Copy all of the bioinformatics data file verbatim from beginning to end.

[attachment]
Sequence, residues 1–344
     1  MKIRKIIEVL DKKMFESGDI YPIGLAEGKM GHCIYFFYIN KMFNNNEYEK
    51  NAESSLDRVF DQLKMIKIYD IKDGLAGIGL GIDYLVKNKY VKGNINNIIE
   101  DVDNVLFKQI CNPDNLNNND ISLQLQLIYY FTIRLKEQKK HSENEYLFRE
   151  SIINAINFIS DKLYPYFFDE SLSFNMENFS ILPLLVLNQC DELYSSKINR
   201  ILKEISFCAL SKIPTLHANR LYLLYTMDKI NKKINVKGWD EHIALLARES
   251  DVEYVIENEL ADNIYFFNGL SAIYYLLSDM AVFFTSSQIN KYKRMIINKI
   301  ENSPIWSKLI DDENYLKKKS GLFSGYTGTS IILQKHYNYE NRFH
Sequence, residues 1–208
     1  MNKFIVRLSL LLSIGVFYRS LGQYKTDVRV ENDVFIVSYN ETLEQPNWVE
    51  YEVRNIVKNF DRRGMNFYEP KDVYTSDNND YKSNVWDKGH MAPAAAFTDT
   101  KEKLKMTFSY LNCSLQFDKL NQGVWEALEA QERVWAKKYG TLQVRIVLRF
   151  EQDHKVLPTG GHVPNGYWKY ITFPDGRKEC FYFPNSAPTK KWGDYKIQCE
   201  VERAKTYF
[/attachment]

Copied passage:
Sequence, residues 1–344
     1  MKIRKIIEVL DKKMFESGDI YPIGLAEGKM GHCIYFFYIN KMFNNNEYEK
    51  NAESSLDRVF DQLKMIKIYD IKDGLAGIGL GIDYLVKNKY VKGNINNIIE
   101  DVDNVLFKQI CNPDNLNNND ISLQLQLIYY FTIRLKEQKK HSENEYLFRE
   151  SIINAINFIS DKLYPYFFDE SLSFNMENFS ILPLLVLNQC DELYSSKINR
   201  ILKEISFCAL SKIPTLHANR LYLLYTMDKI NKKINVKGWD EHIALLARES
   251  DVEYVIENEL ADNIYFFNGL SAIYYLLSDM AVFFTSSQIN KYKRMIINKI
   301  ENSPIWSKLI DDENYLKKKS GLFSGYTGTS IILQKHYNYE NRFH
Sequence, residues 1–208
     1  MNKFIVRLSL LLSIGVFYRS LGQYKTDVRV ENDVFIVSYN ETLEQPNWVE
    51  YEVRNIVKNF DRRGMNFYEP KDVYTSDNND YKSNVWDKGH MAPAAAFTDT
   101  KEKLKMTFSY LNCSLQFDKL NQGVWEALEA QERVWAKKYG TLQVRIVLRF
   151  EQDHKVLPTG GHVPNGYWKY ITFPDGRKEC FYFPNSAPTK KWGDYKIQCE
   201  VERAKTYF